Showing posts from 2009

Third Man Records vinyl exclusives, Part 2

Last week I received the second pair of exclusive vinyl items offered to platinum members of Third Man Records’ Vault service. For those who are unaware, Third Man Records is the label owned by Jack White, the leader of the White Stripes, the Raconteurs, and the Dead Weather. The Vault service promises to deliver exclusive vinyl-only records (one full-length album and one 7” single) to its platinum members every three months. According to the postmark, the records were sent on December 18th. I received mine on the 22nd. This second set of items consists of a 2-LP live album from the Raconteurs on 180g vinyl, and a White Stripes single featuring alternate versions of two early songs. The package also included a screen-print poster of the Dead Weather’s Horehound album cover image, designed by Rob Jones, which fits neatly inside the LP’s 12-inch sleeve. The White Stripes single contains alternate takes of the two songs which were released on the duo’s first single in 1998 (Italy Record

Alan Mann “Christmas On The Block” (1983)

Rarebird’s Rock and Roll Rarity Reviews would like to wish you and yours a Merry Christmas and Happy New Year, or whatever you personally call this time of year. I’m sure that most of you have been hearing plenty of holiday music lately. I’d like to share with you a Christmas song that most of you probably haven’t heard lately, if ever: “Christmas On The Block” by Alan Mann, from 1983. This song was released only as a 7” single by a small indie label, and it is now very hard to find. However, the miracle of YouTube enables you and me to hear the song and watch its video right here and now. Alan Mann was a musician based in the Philadelphia, PA area who was little-known outside of that region. But he did gain wider fame during the Christmas seasons in the mid-1980’s, when the then-young MTV network would air the video for “Christmas On The Block”. It’s a moving, one-of-a-kind song inspired by the people who then lived in a group house for the blind in the Philadelphia suburb of Upper D

Bryan Adams’ 1979 disco single

The first single Bryan Adams recorded as a solo artist (following his departure from the Canadian band Sweeney Todd) was called “Let Me Take You Dancing”. The surprising thing is that it was a disco single! The original version of the song, released in Canada in 1978, sounded much like a recording by Nick “Hot Child In The City” Gilder. (Adams had replaced Gilder in Sweeney Todd). The 18-year-old Adams sang in a higher pitch than he did in his later recordings. For the single’s 1979 American release, the song was given a disco remix by John Luongo. Luongo sped up Adams’ vocals to the point where he sounded like a chipmunk! (Luongo was probably aiming to make Adams sound like Off The Wall -era Michael Jackson). For that reason, Adams has always distanced himself from the song, even though it was a minor disco hit, and soon led to Adams being fully signed to A&M Records. Adams has refused to allow the song to be included on any of his subsequent releases. The single was released in b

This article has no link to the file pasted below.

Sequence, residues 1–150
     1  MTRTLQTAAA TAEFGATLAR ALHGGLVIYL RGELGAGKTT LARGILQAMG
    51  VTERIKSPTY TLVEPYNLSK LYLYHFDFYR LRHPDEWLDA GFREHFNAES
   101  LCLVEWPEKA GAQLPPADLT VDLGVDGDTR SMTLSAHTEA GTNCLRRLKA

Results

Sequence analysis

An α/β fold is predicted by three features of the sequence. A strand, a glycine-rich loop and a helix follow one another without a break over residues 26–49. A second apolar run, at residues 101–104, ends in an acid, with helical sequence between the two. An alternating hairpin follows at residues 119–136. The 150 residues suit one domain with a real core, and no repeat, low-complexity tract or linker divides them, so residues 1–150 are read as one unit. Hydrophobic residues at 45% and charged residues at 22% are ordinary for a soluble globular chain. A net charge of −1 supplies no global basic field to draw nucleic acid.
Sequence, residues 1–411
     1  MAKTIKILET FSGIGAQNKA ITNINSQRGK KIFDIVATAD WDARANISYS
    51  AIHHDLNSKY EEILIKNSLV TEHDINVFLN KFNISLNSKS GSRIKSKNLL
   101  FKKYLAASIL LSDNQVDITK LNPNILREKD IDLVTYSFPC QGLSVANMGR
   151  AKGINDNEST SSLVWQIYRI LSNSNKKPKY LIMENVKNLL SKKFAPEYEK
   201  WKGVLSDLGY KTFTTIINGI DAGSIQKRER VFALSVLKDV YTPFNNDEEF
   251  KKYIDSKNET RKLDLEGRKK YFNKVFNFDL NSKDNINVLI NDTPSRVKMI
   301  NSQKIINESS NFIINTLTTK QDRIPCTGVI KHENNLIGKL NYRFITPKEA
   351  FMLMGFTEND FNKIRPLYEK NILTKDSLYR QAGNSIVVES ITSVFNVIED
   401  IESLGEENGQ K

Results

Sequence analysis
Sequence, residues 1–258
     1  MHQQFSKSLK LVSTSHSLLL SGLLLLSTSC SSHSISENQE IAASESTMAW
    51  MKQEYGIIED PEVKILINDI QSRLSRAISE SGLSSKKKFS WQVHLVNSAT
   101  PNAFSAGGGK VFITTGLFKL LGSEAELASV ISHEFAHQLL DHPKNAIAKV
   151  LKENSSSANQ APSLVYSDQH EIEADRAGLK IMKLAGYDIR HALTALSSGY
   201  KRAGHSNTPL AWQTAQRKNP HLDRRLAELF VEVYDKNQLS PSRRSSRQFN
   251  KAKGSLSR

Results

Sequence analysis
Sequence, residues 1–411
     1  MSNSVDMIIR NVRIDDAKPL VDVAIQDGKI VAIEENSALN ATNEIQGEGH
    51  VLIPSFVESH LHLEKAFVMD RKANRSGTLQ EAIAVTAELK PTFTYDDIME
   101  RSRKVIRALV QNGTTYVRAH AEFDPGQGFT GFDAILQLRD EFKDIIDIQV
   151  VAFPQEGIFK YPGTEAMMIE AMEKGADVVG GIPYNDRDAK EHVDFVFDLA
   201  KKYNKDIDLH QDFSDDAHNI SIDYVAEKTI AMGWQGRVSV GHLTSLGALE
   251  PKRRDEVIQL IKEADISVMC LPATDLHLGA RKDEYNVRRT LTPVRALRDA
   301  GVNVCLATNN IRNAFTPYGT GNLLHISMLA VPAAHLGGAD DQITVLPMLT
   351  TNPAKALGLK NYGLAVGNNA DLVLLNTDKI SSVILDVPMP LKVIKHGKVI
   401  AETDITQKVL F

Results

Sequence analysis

Attila with Billy Joel

Rarebird's Spotlight Album Review #19 is complete. The subject: the self-titled 1970 album by Attila, a heavy metal duo featuring singer/organist Billy Joel. (You read that right). The review is here:

The Cure "Fade Away: The Early Years Vinyl Box Set" (2009)

For those who are extreme lovers of vinyl and extreme lovers of the Cure, the Vinyl Lovers label is serving up a pricey limited edition package called Fade Away: The Early Years Vinyl Box Set on December 15th. The 7-LP set is limited to 1,000 copies, and contains 180g vinyl discs of the first four Cure albums: Three Imaginary Boys (1979), Seventeen Seconds (1980), Faith (1981), and Pornography (1982). The other three discs in the set contain a total of 29 bonus tracks (including the epic instrumental Carnage Visors ), all of which are available on the 2-CD Deluxe Editions of the three latter albums which were released in 2005. A complete track listing for the Fade Away box set can be found here . For those who intend to shell out nearly $200 USD for the set, it can be pre-ordered at .

Velvet Underground and Nico: original 1966 acetate

There seems to be a general consensus that the most valuable record in existence is the original acetate copy of the first Velvet Underground album, The Velvet Underground and Nico , from 1966. This acetate was originally presented to Columbia Records, who rejected it. (The album was released by the Verve label in 1967). Earlier this decade, the acetate was purchased at a yard sale in New York for 75 cents, and was sold on eBay for a whopping $25,000! The full story is here . The fragile acetate is now reportedly stored in a safe place. But, thanks to this blog entry by New York indie radio station WFMU (91.1 FM), the rest of us can listen to it online. The acetate contained rougher mixes of 9 of the album’s 11 tracks. (“Sunday Morning” and “There She Goes Again” are absent). One thing that is odd is the sequence of the tracks, which is virtually in reverse order from that of the finished album. Placing the bizarre “European Son” at the beginning was an ill-advised idea, and it probab

Katy Hudson (aka Katy Perry)